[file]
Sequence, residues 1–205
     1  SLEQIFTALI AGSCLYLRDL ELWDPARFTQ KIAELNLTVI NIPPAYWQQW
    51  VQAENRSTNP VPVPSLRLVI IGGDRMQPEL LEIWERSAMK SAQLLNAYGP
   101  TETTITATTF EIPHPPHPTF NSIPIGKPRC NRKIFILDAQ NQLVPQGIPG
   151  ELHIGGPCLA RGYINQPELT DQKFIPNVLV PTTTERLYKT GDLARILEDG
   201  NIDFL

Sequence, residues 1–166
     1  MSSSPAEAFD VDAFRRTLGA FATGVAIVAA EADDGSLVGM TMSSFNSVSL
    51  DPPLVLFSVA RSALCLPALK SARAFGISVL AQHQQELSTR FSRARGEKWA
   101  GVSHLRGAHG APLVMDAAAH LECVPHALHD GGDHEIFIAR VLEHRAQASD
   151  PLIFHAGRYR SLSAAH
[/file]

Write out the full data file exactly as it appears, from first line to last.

Sequence, residues 1–205
     1  SLEQIFTALI AGSCLYLRDL ELWDPARFTQ KIAELNLTVI NIPPAYWQQW
    51  VQAENRSTNP VPVPSLRLVI IGGDRMQPEL LEIWERSAMK SAQLLNAYGP
   101  TETTITATTF EIPHPPHPTF NSIPIGKPRC NRKIFILDAQ NQLVPQGIPG
   151  ELHIGGPCLA RGYINQPELT DQKFIPNVLV PTTTERLYKT GDLARILEDG
   201  NIDFL

Sequence, residues 1–166
     1  MSSSPAEAFD VDAFRRTLGA FATGVAIVAA EADDGSLVGM TMSSFNSVSL
    51  DPPLVLFSVA RSALCLPALK SARAFGISVL AQHQQELSTR FSRARGEKWA
   101  GVSHLRGAHG APLVMDAAAH LECVPHALHD GGDHEIFIAR VLEHRAQASD
   151  PLIFHAGRYR SLSAAH